I will now describe the operation of the jig 10 with reference to FIGS. 5 through 8. In FIGS. 5 through 8 the stem 40 is not shown. To use the jig 10, the surgeon exposes the distal femur and makes a planar resection on the end of the femur corresponding to surface 82 in FIG. 6. Other instruments are used to guide the surgeon in making this cut. For example, a suitable device has been distributed in the United States by Intermedics Orthopedics, Inc. in connection with the Natural-KneeŽ System, mentioned above. A bore is established for the medullar shaft 40 using a separate instrument. Again, a suitable device has been distributed by Intermedics Orthopedics, Inc. in connection with the Natural-KneeŽ System. The surface 82 on the medial condyle may be different from a surface 82' on the lateral condyle. For example, in FIG. 6, a trial prosthesis is shown with a plane surface 82 for the medial condyle and a separate plane surface 82' for the lateral condyle. In this situation, the jig 10 would be placed on the resected end of the femur as shown in plan view in FIG. 5. Orientation for a left or right knee is selected by manipulating the trial stem 40, as described above. The medial saw guide 14 is lower or more distal than the lateral saw guide 16. The medullar shaft 40 is inserted into the medullar canal and the saw guides are advanced against their respective resected planar surfaces. The bolts 26, 28 are tightened to further stabilize the saw guides 14, 16 during subsequent steps. For the medial condyle as shown in FIG. 7, passing a sagittal saw through the first anterior saw guide 70 produces the plane 72 against which the prosthesis or trial prosthesis will rest. A cut by the sagittal saw through second anterior slot 74 produces the surface 76. The slot 74 is shown in dashed outline in FIG. 7. Finally, a sagittal saw passed through the posterior slot 78 produces the surface 80 as shown in FIG. 7.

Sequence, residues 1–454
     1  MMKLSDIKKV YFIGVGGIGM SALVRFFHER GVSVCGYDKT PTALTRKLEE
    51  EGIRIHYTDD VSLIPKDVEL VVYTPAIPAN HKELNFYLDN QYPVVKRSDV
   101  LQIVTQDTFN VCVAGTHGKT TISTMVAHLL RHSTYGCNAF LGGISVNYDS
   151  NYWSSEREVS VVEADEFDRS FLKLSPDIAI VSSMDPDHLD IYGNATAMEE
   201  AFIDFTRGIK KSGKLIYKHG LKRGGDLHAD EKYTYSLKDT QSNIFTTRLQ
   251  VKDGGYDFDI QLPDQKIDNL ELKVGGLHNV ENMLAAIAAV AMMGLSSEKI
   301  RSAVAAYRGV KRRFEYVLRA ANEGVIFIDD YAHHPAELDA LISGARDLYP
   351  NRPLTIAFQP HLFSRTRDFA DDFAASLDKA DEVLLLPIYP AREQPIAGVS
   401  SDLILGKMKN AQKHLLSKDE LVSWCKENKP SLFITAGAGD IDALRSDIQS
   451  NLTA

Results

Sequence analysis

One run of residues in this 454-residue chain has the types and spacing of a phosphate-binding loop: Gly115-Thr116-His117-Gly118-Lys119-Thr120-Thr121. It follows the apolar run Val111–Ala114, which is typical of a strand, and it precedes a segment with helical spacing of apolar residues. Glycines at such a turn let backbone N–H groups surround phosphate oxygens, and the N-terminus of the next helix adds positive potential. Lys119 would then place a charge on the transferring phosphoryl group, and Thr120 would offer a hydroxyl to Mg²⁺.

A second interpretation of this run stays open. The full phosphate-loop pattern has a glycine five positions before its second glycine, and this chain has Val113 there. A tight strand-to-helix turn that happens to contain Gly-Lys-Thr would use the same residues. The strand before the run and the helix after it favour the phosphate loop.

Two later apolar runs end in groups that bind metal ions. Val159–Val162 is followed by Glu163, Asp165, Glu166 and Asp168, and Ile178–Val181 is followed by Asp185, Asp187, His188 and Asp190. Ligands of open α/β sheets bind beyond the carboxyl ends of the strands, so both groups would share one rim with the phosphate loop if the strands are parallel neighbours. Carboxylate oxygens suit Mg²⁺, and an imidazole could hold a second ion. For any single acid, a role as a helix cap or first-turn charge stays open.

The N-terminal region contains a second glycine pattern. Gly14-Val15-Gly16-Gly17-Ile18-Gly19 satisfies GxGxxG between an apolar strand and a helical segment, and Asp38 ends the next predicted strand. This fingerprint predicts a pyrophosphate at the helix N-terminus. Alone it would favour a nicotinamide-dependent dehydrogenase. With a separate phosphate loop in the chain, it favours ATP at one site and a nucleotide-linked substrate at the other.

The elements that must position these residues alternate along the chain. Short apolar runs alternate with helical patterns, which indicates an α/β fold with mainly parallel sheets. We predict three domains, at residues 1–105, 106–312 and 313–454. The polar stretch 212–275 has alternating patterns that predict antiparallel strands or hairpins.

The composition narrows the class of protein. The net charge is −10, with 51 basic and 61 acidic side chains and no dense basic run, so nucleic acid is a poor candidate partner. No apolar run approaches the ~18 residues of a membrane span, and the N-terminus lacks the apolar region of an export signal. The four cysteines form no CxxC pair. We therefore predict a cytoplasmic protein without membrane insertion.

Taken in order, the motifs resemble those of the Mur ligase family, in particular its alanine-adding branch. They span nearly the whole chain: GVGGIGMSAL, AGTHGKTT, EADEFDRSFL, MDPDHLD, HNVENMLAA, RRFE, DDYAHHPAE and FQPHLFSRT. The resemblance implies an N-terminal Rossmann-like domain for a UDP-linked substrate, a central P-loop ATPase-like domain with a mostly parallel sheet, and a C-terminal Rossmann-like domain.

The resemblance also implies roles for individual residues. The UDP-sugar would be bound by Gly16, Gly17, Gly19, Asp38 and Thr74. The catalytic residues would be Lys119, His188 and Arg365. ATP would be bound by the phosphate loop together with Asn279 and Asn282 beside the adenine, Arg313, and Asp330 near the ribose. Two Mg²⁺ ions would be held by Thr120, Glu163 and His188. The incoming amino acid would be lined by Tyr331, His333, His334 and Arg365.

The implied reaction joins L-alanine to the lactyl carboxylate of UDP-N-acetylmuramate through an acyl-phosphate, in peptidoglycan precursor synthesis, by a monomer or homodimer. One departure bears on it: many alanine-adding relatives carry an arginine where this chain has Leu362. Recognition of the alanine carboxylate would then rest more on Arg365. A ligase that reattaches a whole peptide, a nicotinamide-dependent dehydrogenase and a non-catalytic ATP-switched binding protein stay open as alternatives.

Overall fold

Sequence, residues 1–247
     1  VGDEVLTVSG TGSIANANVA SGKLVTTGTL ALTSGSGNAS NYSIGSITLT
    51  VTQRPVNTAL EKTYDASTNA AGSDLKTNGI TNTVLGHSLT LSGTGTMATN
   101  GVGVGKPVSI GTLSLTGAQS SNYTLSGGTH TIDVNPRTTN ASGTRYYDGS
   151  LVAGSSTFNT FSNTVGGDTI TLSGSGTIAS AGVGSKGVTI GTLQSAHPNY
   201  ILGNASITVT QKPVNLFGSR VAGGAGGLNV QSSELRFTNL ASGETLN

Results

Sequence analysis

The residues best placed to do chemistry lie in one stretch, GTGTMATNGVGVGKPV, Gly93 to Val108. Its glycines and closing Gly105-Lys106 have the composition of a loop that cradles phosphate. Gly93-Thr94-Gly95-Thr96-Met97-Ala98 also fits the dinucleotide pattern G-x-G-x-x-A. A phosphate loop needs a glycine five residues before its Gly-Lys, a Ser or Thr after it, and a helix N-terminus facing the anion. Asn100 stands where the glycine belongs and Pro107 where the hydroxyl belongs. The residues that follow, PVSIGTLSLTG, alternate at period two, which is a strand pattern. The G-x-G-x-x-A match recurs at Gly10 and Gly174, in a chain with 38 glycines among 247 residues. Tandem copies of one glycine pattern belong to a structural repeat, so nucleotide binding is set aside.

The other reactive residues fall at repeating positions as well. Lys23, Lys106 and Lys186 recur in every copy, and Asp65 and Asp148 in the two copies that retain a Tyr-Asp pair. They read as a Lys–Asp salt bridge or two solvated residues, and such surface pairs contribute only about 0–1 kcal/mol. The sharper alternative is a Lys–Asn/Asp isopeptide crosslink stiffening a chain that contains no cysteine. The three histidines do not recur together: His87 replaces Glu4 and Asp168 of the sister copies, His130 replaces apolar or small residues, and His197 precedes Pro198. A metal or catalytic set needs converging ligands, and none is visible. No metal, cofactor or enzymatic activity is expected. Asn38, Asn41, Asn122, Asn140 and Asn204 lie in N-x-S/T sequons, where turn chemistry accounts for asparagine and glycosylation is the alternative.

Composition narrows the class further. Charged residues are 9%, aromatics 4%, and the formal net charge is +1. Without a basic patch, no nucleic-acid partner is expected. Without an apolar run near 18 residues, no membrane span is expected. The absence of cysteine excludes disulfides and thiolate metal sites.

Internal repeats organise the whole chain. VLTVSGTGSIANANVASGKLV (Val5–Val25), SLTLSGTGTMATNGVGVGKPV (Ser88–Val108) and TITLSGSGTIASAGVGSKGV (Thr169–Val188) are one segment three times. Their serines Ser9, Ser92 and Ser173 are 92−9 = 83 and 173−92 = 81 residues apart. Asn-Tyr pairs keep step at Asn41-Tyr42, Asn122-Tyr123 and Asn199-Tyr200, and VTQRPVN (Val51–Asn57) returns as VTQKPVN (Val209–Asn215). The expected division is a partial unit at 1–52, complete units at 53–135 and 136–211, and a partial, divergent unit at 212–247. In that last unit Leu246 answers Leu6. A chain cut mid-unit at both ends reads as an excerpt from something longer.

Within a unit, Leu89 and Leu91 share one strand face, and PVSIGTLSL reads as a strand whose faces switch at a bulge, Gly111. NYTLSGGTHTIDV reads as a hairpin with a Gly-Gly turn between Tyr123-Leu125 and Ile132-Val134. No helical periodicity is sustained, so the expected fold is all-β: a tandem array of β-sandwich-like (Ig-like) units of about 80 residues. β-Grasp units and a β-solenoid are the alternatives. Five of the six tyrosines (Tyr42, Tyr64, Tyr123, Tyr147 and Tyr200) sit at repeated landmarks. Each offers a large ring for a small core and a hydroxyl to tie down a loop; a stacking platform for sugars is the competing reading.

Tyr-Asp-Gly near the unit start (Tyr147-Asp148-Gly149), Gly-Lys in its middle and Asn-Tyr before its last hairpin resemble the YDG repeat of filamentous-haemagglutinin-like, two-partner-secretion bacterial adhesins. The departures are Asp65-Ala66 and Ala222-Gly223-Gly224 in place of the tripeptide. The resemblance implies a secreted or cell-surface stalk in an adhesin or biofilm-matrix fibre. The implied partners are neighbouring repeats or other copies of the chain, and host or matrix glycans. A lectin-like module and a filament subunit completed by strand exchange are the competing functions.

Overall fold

The attention of the surgeon would then be directed to the lateral condyle. As seen in FIG. 8, an incision with the sagittal saw through slot 70 produces the surface 72. Note that the surfaces 72 on both the medial and lateral condyle are co-planar. On the other hand, a cut through the second anterior slot 74 produces a plane 76' which is translated proximally and slightly anteriorly with respect to the surface 76 produced for the medial condyle and shown in FIG. 7. Finally, an incision through the posterior slot 78 produces the surface 80' along the posterior side of the femur. The surface 80' is also translated somewhat proximally and anteriorly with respect to the surface 80. Nevertheless, the planes 72, 76, 82 and 80 produce a similar and congruent geometry to the planes 72, 76', 82', and 80'. Thus, the same congruent geometry is maintained for each condyle. Shims, such as shim 86 shown in FIG. 6, may be inserted on the appropriate condyle, in this case the lateral condyle, to establish common contact with the condyles.
Use of this system permits the surgeon to retain as much of the patient's bone as possible, while compensating for the degeneration of the bone on either the medial or lateral condyle, depending circumstances.
My invention may be embodied in other specific forms without departing from the teachings thereof. The foregoing description is to be considered in all respects to be illustrative and not restrictive. The scope of my invention is defined by the following claims.